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Zombie Whisperer

January 23, 2016


I see dead people on TV.

Sorry. It’s hard to talk about reanimation when your tongue is planted in your cheek.


The truth is, this is not my genre. I have no interest in vampires, ghosts, zombies, or any other undead incarnations Hollywood invented while I wasn’t paying attention.

Sure, I watched Buffy. You can’t be a fan of the Whedon-verse without it. But those demons are allegorical, and some of them have a soul – which makes their motivations human, and therefore susceptible to empathy. Not so with their slowly shuffling brethren; it seems the only good zombie is a dead zombie. Twice-killed, preferably.

Which – finally – brings us to the point of this article: why zombies? What is the appeal of dripping flesh and vacant eyes and snapping teeth ? Why are so many people interested in shows about the dead coming back to (some semblance of) life and trying to eat humans?

I did some research. Midway through Season Four of The Walking Dead, I finally got it. I understand zombies now. It isn’t about gore, it’s about having an enemy you can brutalize without guilt. It’s about letting out your animal while maintaining your political correctness.

The creation of literature stretches back more than four thousand years to the Epic of Gilgamesh, a collection of poems about a once-great king who befriended his enemy, then searched for immortality in the wake of his death (the irony: not lost on me).

Now I have no idea if the epic was intended as a history or a fiction, and care even less. It’s a story, and as such, a model. This is the root function of story: to provide a model by which to safely gauge your life against, through the transference of action onto a fictional character.

But what happens when the models are universally recognized? When fiction is no longer safe because it too-closely resembles reality? How do you tell a story without triggering your audience’s pre-programmed biases and reactions?

The answer is zombies. You take something utterly implausible and present it as a given. You build new rules in order to pull the viewers out of their preconceived notions; only then can you get back to fiction’s original purpose.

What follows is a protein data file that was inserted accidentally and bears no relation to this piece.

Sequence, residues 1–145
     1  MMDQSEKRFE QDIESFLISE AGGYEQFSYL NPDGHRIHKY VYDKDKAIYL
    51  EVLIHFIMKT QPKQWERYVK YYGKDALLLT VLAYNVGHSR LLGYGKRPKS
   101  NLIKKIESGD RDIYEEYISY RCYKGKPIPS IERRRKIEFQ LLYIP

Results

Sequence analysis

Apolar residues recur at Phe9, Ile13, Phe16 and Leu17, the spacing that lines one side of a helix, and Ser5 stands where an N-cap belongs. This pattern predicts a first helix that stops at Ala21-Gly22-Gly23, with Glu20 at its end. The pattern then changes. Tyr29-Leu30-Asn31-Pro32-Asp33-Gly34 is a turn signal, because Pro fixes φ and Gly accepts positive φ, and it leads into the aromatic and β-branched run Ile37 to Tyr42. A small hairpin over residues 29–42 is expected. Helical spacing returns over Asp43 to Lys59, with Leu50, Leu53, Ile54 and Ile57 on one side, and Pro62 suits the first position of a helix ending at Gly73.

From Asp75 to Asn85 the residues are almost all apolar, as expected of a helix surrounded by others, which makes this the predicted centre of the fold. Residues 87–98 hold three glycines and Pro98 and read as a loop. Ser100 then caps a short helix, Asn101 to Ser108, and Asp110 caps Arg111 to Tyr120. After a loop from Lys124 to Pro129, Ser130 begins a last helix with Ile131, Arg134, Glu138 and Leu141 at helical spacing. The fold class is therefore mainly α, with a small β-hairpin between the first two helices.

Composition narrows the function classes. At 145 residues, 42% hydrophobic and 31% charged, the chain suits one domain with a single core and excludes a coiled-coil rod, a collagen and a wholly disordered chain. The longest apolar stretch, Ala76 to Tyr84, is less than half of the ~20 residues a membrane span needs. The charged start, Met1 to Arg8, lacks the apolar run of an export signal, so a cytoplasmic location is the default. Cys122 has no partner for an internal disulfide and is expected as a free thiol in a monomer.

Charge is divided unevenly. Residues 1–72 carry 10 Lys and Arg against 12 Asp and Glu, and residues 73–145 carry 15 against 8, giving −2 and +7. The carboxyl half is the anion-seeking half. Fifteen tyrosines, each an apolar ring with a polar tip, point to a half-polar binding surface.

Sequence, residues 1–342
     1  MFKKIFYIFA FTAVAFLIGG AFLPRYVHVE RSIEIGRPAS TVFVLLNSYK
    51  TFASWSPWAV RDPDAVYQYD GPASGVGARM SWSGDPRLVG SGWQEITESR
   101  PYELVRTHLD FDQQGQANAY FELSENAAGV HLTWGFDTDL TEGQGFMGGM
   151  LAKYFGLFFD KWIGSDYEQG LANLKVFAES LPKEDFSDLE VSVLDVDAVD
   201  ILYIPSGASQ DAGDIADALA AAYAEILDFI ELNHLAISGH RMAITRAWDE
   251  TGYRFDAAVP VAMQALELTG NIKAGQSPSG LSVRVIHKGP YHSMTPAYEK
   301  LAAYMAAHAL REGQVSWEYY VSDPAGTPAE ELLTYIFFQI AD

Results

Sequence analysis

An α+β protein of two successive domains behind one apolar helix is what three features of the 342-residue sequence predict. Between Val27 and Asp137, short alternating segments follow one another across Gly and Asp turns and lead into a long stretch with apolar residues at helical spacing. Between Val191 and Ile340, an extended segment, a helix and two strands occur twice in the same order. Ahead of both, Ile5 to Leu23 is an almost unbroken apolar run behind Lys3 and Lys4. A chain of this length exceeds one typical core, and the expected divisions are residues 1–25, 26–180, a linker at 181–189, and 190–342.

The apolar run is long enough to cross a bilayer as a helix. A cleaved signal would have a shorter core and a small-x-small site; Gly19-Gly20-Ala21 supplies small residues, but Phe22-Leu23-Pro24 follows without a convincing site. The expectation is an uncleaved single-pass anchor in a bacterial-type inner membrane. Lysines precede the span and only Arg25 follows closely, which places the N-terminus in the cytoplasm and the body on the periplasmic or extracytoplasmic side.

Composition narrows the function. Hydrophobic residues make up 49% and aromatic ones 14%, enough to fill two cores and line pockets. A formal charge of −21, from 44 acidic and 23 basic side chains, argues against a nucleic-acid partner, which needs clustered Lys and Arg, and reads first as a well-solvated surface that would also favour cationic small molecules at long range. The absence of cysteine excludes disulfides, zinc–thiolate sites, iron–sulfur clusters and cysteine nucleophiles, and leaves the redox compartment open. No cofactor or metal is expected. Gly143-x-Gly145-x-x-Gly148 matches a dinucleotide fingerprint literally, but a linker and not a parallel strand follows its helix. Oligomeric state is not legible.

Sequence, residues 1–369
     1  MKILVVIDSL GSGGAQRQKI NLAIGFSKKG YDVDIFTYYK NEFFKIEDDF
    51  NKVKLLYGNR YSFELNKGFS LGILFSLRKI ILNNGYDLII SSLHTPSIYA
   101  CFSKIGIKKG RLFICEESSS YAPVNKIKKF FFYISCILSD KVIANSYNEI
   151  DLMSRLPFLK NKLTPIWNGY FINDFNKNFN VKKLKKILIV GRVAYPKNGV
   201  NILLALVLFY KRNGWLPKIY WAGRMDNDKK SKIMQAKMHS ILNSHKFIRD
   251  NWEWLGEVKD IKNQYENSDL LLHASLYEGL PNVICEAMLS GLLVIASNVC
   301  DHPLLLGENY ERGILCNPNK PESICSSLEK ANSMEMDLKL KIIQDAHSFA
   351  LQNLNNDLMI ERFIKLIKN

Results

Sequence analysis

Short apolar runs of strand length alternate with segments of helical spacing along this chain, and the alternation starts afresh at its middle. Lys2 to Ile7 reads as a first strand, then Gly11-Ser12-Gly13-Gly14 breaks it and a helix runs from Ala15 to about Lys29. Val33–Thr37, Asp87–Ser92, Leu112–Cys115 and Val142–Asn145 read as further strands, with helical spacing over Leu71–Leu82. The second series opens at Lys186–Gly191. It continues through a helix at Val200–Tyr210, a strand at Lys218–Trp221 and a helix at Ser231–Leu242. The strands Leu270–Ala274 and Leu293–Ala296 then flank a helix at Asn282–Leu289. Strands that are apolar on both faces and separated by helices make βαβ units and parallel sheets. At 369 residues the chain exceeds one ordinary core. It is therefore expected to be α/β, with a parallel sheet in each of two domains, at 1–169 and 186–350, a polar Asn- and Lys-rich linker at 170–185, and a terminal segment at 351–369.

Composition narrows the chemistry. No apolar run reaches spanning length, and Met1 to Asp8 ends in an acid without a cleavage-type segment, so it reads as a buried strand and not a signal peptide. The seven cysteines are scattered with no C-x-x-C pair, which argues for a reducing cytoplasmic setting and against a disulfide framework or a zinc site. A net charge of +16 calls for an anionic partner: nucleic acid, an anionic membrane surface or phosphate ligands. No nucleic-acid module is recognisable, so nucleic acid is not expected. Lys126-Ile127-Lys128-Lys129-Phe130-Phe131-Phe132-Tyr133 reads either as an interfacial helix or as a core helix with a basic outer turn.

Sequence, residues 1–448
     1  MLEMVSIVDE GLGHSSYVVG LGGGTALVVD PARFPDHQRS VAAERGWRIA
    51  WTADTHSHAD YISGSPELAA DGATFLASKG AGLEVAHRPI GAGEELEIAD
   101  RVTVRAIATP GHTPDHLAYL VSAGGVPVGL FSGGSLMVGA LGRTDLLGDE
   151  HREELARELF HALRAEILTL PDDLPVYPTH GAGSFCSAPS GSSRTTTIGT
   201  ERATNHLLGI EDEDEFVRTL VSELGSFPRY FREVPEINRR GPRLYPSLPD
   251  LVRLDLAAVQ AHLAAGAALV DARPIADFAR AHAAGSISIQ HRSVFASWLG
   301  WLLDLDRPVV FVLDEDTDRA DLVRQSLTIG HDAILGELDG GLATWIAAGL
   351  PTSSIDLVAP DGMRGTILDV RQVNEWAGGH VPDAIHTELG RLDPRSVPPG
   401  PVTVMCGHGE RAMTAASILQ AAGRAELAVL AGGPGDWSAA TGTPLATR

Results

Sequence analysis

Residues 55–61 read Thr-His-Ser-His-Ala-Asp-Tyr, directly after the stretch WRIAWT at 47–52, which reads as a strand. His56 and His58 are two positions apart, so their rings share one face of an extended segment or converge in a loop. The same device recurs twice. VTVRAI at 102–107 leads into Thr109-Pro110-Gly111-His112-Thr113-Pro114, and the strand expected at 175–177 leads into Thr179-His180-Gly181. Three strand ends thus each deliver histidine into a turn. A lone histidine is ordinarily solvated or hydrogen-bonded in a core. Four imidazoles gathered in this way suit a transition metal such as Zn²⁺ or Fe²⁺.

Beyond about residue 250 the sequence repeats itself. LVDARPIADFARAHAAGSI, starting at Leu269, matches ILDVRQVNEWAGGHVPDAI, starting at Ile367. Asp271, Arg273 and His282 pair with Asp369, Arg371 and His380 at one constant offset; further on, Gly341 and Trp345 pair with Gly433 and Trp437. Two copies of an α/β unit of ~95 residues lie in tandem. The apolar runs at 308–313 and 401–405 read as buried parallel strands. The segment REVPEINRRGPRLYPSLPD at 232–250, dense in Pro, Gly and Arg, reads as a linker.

So what does TWD have to say? What makes it different than Jericho, Revolution, Helix, or any of the other apocalypse shows airing in the 21st century? Simply put, there is no one to blame and no agenda beyond survival. By using zombies instead of a faction of humanity, the show’s creators have taken away the most overused crutch within fiction and the real world. And by removing all motivation but survival, the show created something we have yet to experience outside of literature or cinema: equality.

There are no good guys in TWD. Every single character has done something unconscionable. The only difference between the show’s focus group and its antagonists is that we relate to their characters… and that’s because they’re the focus group.

How would you proceed if things went wrong and there was no one to blame? This is the question The Walking Dead asks. Unlike Independence Day, which blithely assumed humanity would band together in the face of a global crisis, TWD takes a critical look at self-preservation, the definition of family, and the age-old question of what matters.

I’m two-thirds of the way through Season Five. The group has finally found (what appears to be) legitimate shelter. Will their PTSD ruin the camp? Will they take it over and exile its original inhabitants? I don’t know where the story is headed, but I hope it stays true to itself and doesn’t get wrapped up with a pretty bow like Battlestar Galactica or Continuum.

Even though it’s depressing the fuck out of me.


From → Rants

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